Nick Smith’s recent Daily Telegraph article on traveling through Iran (full text)

May 14, 2009

Priceless Persia

Modern Iran can provide a desert adventure with a real difference. Nick Smith spent a fortnight driving across old Persia, soaking up the ruins, mosques and bazaars

My first encounter with Iran was reading Robert Byron’s The Road to Oxiana, a classic that for many still defines the romance of Persia. Byron travelled to that most famous of ruined desert cities – Persepolis – and described in minute architectural detail the splendours of Iran’s great mosques in Esfahan and Yazd. Oxiana has proved so enduringly popular that Iran has become an imperative for the adventurous traveller. Anyone wishing to sample the splendours that await should pay a visit to the British Museum’s current exhibition Shah ‘Abbas: The Remaking of Iran.

As a destination Iran can match the grand scale archaeology of ancient Egypt or Jordan, the souks and bazaars of Morocco or Tunisia, or the deserts of northern Africa. And yet, unlike these tried and tested destinations, Iran is blissfully free of package tourists. You will often find that you have archaeological sites all to yourself. Sadly too many people are put off travelling through this exquisite country because of concerns over safety.

My tour of Iran started before I even got to Heathrow. As I packed I listened to Radio 4’s Excess Baggage where John McCarthy discussed Iran with Amelia Stewart of Simoon Travel, a specialist in the region. We’ve all got the wrong idea, said Amelia. These days Iran is safe for everyone. Even women? Especially women. It’s always a good idea to check the Foreign Office ‘travel advisories’ before going anywhere further afield than Spain, but there’s hardly ever any need for special caution when it comes to Iran.

By pure coincidence Amelia was to be my guide for my fortnight in Iran. We met at Tehran before flying south to Shiraz to begin our winding journey across the high salt deserts of old Persia. This ancient Iranian capital city, despite its name, no longer exports fruity red wines, but is now famous for its serene rose gardens, the imposing architecture of the Regent’s Mosque and for being home to the tombs of the great Persian poets Hafiz and Sa’di. Most tours of Iran start in Shiraz because of its proximity to Persepolis, the ruined summer capital of Darius the Great. The bas-reliefs of the procession of the tributary nations on the stairway of the Apandana are a glorious reminder of the achievements of the ancient world.

After Persepolis my tour moved to the tombs at Naqsh-e Rostam, one of the most important Achaemenian and Sasanian sites in the country. Four immense royal tombs have been hewn out of a sheer cliff face in a feat of civil engineering to rival the Pyramids at Giza. Opposite lies the Cube of Zoroaster, thought by archaeologists to be another royal tomb or fire temple. We visited more Zoroastrian sites in Yazd where a sacred flame has burned uninterrupted for 1,500 years. Just outside today’s modern city are the gruesome Towers of Silence where bodies of the dead were, until the 1970s, left exposed to the sky to be picked clean by vultures and crows.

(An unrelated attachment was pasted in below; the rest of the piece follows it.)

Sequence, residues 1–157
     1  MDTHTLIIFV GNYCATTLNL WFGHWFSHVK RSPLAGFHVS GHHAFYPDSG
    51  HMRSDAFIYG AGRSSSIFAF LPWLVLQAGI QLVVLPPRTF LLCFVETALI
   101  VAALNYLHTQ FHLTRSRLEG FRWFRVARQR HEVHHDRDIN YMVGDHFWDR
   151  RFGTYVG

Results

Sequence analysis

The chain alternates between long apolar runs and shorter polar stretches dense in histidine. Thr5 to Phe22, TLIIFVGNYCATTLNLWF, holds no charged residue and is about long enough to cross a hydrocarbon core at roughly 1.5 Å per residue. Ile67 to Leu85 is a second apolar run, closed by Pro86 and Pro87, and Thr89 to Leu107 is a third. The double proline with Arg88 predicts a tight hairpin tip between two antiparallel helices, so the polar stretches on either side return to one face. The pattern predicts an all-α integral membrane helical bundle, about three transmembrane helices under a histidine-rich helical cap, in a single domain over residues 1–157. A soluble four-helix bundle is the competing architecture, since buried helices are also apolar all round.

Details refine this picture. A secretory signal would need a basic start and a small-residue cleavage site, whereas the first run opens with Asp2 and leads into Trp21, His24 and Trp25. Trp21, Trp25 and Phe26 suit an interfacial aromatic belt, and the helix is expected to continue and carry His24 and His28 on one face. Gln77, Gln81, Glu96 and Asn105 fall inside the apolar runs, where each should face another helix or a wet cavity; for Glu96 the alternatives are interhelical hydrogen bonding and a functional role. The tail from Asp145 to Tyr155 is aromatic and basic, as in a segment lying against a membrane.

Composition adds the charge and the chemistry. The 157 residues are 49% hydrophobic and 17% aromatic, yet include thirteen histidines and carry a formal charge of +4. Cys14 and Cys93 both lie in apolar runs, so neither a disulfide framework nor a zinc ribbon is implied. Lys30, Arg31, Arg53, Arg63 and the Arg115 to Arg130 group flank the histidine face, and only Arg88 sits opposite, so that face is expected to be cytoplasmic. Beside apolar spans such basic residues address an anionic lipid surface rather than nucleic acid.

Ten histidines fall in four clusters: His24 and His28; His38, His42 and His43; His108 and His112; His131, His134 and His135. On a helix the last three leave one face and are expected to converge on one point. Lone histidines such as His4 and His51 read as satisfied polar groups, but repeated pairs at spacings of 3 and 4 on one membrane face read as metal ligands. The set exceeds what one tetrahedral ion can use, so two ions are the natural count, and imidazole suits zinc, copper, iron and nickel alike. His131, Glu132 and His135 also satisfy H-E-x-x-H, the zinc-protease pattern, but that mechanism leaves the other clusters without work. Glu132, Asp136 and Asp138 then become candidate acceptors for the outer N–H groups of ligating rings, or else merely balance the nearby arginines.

Threading our way through the great mountainous expanse of the Dasht-e Lut desert we stopped for the night at a restored Silk Road caravanserai at Zeinoddin. Here we drank cups of tea sweetened with saffron sugar before experiencing Iranian cuisine in all its glory. A local dish called fesenjan, a type of bitter stew made with pomegranates and walnuts, is served with rice and slices of watermelon, dates, cherries, peaches and dried apples. It’s all washed down with doogh, a refreshing mint flavoured yoghurt drink.

All roads it seems lead to Isfahan, one of the great cities of the Islamic world and the capital of the founding father of modern Iran, Shah ‘Abbas. Isfahan’s Royal Square boasts the two most glorious mosques in Iran – those of Shaykh Lutfallah and Masjid-i Shah – as well as the magnificent Ali Qapu palace. For the souvenir hunter the labyrinthine bazaar sell carpets, silverware and antiques. Horse-drawn carriages take tourists on trips around the city, while side roads dotted with comfortable teahouses drift down to the river where herons and egrets fish at sunset by Isfahan’s famous bridges.

Travelling in the Islamic world requires some knowledge of the basic etiquette, but you might be surprised by how liberal day-to-day Iran can be. Iran – or Persia as you will end up calling it – is relaxed to the point of being laid back, and the people are the friendliest you will meet anywhere. Complete strangers will ply you with tea and invitations to their houses. The only thing a Westerner could ever possibly feel uncomfortable about is the feeling of being overwhelmed by the generosity of the local people.